Opportunities lie in collaborative action

Delterra organized and participated in several events leading up to the start of the official negotiations, including events sponsored by partners from the Alliance to End Plastic Waste (AEPW), DOW, Minderoo Foundation, PREVENT Waste Alliance, WWF, The Recycling Partnership and more.

What stood out to me most about the side events in Ottawa, as opposed to previous INCs, is the non-traditional coalitions forming alongside the treaty negotiations. We are certainly seeing more cross-sector partnerships form amongst the private sector, NGOs, funders, governments, the scientific community and others as stakeholders from across the plastics value chain start to realize that implementation of the treaty will require leveraging the expertise, resources, and relationships of all sectors.


The role of harmonized data and digital tools

Delterra organized two side events alongside INC-4. The first, Enabling Action: How data can advance plastic waste mitigation, co-hosted with Systemiq, SAP, and Earth Action, highlighted the need for further collaboration among data and digital tool stakeholders to enable companies to take action to meet ambitious targets. Panelists included leaders from consumer goods companies, data consulting firms, software companies and research institutions.

Several key takeaways emerged from the discussion. Companies face an uphill climb in their transition from target setting to action. Competing priorities and data disorganization compound the issue. Companies need holistic, internationally recognized plastic footprint metrics, accountability frameworks, and data sets to push decision making. Methodologies like the Corporate Accountability Framework (CAF) can help companies incorporate mitigation efforts, including external financial investment (such as investing in critical waste management infrastructure) into their accountability measures. Digital tools like Packaging IQ can accelerate the shift to more sustainable packaging and waste management through reducing data silos, increasing collaboration across companies and coordinating investments in waste management systems.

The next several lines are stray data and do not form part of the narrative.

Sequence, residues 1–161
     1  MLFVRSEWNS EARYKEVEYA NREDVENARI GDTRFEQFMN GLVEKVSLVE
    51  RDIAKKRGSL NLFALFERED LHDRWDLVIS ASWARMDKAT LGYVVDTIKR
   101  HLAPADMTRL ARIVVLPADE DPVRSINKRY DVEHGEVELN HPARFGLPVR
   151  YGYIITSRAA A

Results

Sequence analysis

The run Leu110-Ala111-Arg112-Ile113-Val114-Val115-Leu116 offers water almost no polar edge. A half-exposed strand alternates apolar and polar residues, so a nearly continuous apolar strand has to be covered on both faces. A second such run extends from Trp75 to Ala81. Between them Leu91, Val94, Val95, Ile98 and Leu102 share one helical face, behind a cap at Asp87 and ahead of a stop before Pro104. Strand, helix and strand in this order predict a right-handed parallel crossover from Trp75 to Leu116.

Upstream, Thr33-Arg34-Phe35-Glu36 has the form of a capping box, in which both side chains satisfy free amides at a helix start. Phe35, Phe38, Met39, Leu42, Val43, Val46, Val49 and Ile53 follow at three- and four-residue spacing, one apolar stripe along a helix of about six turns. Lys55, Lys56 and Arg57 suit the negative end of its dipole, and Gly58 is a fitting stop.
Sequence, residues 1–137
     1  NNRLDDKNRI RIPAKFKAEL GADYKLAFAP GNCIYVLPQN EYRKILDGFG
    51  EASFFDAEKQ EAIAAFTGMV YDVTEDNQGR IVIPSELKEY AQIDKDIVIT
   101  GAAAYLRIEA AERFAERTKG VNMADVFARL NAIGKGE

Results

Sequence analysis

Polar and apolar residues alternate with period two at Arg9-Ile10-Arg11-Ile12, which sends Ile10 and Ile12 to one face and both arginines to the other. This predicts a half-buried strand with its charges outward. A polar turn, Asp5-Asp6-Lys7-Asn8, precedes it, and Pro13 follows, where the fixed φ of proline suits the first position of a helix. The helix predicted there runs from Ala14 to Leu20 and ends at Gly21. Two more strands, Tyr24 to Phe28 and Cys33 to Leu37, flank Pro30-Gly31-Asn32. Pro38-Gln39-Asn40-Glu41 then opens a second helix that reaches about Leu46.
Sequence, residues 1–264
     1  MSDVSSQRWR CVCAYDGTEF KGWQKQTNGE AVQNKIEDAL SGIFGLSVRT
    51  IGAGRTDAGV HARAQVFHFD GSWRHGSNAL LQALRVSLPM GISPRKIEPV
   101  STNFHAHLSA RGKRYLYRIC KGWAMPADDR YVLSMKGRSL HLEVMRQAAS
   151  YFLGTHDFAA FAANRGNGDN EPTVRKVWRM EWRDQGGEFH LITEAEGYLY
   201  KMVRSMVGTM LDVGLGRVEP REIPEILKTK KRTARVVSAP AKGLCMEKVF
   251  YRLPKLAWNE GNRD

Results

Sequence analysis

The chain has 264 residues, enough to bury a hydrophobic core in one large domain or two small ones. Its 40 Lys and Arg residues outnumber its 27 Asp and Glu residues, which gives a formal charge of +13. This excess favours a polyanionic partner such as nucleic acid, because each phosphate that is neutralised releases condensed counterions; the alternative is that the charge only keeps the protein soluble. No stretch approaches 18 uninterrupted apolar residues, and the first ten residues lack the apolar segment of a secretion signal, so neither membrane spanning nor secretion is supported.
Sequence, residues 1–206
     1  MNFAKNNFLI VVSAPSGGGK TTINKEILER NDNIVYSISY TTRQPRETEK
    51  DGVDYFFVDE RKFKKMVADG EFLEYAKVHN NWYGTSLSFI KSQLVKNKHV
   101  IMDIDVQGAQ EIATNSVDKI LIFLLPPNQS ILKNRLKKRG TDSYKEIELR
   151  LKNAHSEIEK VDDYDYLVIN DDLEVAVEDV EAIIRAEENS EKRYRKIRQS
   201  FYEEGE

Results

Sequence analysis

Call for a consortium of partners

The second event, a workshop centered on finding solutions to collecting and recycling low-value plastics, was hosted by Delterra and attended by a mix of Delterra Strategic Partners (DOW, Mars, Amcor) and ecosystem leaders (Nestle, EMF, TCI, CGF and others). This working session aimed to identify the building blocks needed for a market-based solution for low-value, post-consumer materials that are currently under-collected and under-recycled.

Participants discussed technologies available to low value materials, with a focus on developing economies, noting that solutions are heavily dependent on the quantity and quality of materials collected through waste management systems. They also called for a decision-making framework for assessing geographical focus and potential market-based interventions, and as well as consortium of partners to focus resources and efforts on a few specific geographies to learn what works and what would scale.

At Delterra, we are focused on building collaborative, diverse and impactful partnerships with players across the value chain. As the treaty negotiations continue leading to Busan and beyond, we will continue to orchestrate the full ecosystem for scalable, sustainable change. Please visit to learn how you can partner with us to advance these critical issues.


This blog was authored by:

Mike Stockman
Director of Programs, Circular Innovation, Delterra

Get in touch